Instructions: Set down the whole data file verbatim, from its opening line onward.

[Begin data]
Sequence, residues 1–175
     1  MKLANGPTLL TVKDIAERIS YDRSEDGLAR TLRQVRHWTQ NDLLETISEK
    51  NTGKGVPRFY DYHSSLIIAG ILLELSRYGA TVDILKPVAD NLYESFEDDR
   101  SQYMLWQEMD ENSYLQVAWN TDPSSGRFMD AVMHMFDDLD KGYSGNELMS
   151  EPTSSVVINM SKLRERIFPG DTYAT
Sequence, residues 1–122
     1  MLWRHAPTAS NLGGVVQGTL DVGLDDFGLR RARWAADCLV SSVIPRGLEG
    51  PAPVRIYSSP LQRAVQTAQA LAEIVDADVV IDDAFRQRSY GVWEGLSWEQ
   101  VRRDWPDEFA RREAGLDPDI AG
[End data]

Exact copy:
Sequence, residues 1–175
     1  MKLANGPTLL TVKDIAERIS YDRSEDGLAR TLRQVRHWTQ NDLLETISEK
    51  NTGKGVPRFY DYHSSLIIAG ILLELSRYGA TVDILKPVAD NLYESFEDDR
   101  SQYMLWQEMD ENSYLQVAWN TDPSSGRFMD AVMHMFDDLD KGYSGNELMS
   151  EPTSSVVINM SKLRERIFPG DTYAT
Sequence, residues 1–122
     1  MLWRHAPTAS NLGGVVQGTL DVGLDDFGLR RARWAADCLV SSVIPRGLEG
    51  PAPVRIYSSP LQRAVQTAQA LAEIVDADVV IDDAFRQRSY GVWEGLSWEQ
   101  VRRDWPDEFA RREAGLDPDI AG